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Henrietta Vinton Davis (1860-1941) was an elocutionist and dramatic actor who later in life worked closely with Marcus Garvey as a leader of the Universal Negro Improvement Association — African Communities League (UNIA-ACL). Garvey's UNIA was a mass self-reliance movement founded in Jamaica in 1914 and incorporated in New York State in 1918. The progenitor of the modern "black is beautiful" ideal, Garvey is best remembered as a champion of the back-to-Africa movement.

Davis was born in Baltimore and earned her public school teaching certificate in Maryland at the age of 15. In 1878 she became the first black woman employed by the Office of the Recorder of Deeds. Hired by General George Sheridan as a copyist, she remained in the job when Frederick Douglass was appointed in 1881. That same year she began studying drama and made her first appearance as an elocutionist, a public speaker employing a dramatic style of delivery, on April 25, 1883, in Washington, introduced by Frederick Douglass. She went on to tour the Northeast and Midwest as a popular speaker. In the 1890s, Davis became interested in the work of Marcus Garvey, and in 1919 she gave up her career to work with Garvey. Over time she became UNIA's vice president, its first international organizer, and a director of the Black Star Line, founded in 1919 as a shipping line to foster black trade, transport passengers among the United States, the Caribbean, and Africa, and to serve as a symbol of black grandeur and enterprise.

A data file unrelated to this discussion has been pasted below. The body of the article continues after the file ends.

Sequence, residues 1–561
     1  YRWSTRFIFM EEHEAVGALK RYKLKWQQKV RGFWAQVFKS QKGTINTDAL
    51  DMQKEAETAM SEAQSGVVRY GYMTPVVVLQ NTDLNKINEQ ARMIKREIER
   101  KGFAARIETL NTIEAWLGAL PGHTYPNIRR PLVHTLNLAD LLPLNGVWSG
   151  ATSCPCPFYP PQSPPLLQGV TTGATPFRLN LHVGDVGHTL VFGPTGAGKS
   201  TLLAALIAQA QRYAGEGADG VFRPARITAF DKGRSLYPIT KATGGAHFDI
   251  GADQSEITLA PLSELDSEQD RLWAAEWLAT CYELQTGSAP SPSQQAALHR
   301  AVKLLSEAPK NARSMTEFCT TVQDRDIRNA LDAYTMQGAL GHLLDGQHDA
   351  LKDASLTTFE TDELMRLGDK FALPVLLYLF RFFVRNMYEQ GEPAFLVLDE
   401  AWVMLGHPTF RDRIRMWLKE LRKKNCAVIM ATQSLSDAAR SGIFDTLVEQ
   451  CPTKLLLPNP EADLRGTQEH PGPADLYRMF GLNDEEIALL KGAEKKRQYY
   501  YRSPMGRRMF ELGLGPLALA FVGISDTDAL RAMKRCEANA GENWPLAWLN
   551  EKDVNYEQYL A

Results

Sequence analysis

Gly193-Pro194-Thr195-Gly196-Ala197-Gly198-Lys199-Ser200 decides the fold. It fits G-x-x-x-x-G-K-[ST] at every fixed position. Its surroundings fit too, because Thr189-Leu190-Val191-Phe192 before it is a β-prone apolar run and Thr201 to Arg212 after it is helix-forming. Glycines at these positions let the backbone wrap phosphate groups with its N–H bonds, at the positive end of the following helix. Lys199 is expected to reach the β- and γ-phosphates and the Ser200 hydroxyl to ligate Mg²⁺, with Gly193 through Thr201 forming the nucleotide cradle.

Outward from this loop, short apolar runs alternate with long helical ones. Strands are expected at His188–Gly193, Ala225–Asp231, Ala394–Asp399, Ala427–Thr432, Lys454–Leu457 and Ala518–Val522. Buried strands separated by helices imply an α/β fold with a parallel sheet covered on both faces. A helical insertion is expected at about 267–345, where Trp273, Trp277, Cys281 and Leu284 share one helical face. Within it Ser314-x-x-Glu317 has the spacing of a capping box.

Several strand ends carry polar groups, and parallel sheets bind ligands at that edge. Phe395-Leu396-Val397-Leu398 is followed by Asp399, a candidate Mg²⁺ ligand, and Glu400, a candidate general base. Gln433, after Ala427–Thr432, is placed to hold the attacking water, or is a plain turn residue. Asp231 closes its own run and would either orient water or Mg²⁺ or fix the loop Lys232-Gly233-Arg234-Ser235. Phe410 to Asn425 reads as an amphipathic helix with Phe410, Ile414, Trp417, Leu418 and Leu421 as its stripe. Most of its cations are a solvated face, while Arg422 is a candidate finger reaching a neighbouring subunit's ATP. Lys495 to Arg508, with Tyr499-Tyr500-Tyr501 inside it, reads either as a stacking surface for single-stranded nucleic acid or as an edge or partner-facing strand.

After an eventful career with UNIA-ACL, Davis broke with Garvey in 1932 and became a leader of the rival organization, Universal Negro Improvement Association, Inc.

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